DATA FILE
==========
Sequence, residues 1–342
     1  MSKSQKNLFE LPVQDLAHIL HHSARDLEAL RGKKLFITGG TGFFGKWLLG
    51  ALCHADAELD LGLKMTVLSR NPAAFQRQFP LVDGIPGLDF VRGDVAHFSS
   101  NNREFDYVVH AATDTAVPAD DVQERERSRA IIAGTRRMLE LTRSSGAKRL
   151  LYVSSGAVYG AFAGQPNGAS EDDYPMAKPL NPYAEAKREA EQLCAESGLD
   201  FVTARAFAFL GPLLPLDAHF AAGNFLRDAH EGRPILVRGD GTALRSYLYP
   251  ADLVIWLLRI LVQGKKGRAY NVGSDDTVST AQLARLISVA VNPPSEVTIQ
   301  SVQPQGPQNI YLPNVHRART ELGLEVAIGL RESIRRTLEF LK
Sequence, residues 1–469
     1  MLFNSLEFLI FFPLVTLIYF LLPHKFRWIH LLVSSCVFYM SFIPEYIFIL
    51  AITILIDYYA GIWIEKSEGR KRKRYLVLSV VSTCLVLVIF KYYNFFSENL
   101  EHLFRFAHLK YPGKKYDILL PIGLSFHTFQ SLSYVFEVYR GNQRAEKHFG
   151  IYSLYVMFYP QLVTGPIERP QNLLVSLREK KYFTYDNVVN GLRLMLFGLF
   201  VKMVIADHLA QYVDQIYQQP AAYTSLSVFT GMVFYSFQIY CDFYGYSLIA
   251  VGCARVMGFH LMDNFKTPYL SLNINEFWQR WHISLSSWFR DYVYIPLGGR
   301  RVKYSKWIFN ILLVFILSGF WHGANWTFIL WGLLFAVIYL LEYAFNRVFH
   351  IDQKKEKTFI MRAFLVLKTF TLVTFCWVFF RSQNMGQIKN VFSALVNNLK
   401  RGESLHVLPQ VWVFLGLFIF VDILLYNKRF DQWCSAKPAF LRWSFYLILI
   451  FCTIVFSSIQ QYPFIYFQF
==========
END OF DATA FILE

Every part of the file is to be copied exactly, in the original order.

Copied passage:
Sequence, residues 1–342
     1  MSKSQKNLFE LPVQDLAHIL HHSARDLEAL RGKKLFITGG TGFFGKWLLG
    51  ALCHADAELD LGLKMTVLSR NPAAFQRQFP LVDGIPGLDF VRGDVAHFSS
   101  NNREFDYVVH AATDTAVPAD DVQERERSRA IIAGTRRMLE LTRSSGAKRL
   151  LYVSSGAVYG AFAGQPNGAS EDDYPMAKPL NPYAEAKREA EQLCAESGLD
   201  FVTARAFAFL GPLLPLDAHF AAGNFLRDAH EGRPILVRGD GTALRSYLYP
   251  ADLVIWLLRI LVQGKKGRAY NVGSDDTVST AQLARLISVA VNPPSEVTIQ
   301  SVQPQGPQNI YLPNVHRART ELGLEVAIGL RESIRRTLEF LK
Sequence, residues 1–469
     1  MLFNSLEFLI FFPLVTLIYF LLPHKFRWIH LLVSSCVFYM SFIPEYIFIL
    51  AITILIDYYA GIWIEKSEGR KRKRYLVLSV VSTCLVLVIF KYYNFFSENL
   101  EHLFRFAHLK YPGKKYDILL PIGLSFHTFQ SLSYVFEVYR GNQRAEKHFG
   151  IYSLYVMFYP QLVTGPIERP QNLLVSLREK KYFTYDNVVN GLRLMLFGLF
   201  VKMVIADHLA QYVDQIYQQP AAYTSLSVFT GMVFYSFQIY CDFYGYSLIA
   251  VGCARVMGFH LMDNFKTPYL SLNINEFWQR WHISLSSWFR DYVYIPLGGR
   301  RVKYSKWIFN ILLVFILSGF WHGANWTFIL WGLLFAVIYL LEYAFNRVFH
   351  IDQKKEKTFI MRAFLVLKTF TLVTFCWVFF RSQNMGQIKN VFSALVNNLK
   401  RGESLHVLPQ VWVFLGLFIF VDILLYNKRF DQWCSAKPAF LRWSFYLILI
   451  FCTIVFSSIQ QYPFIYFQF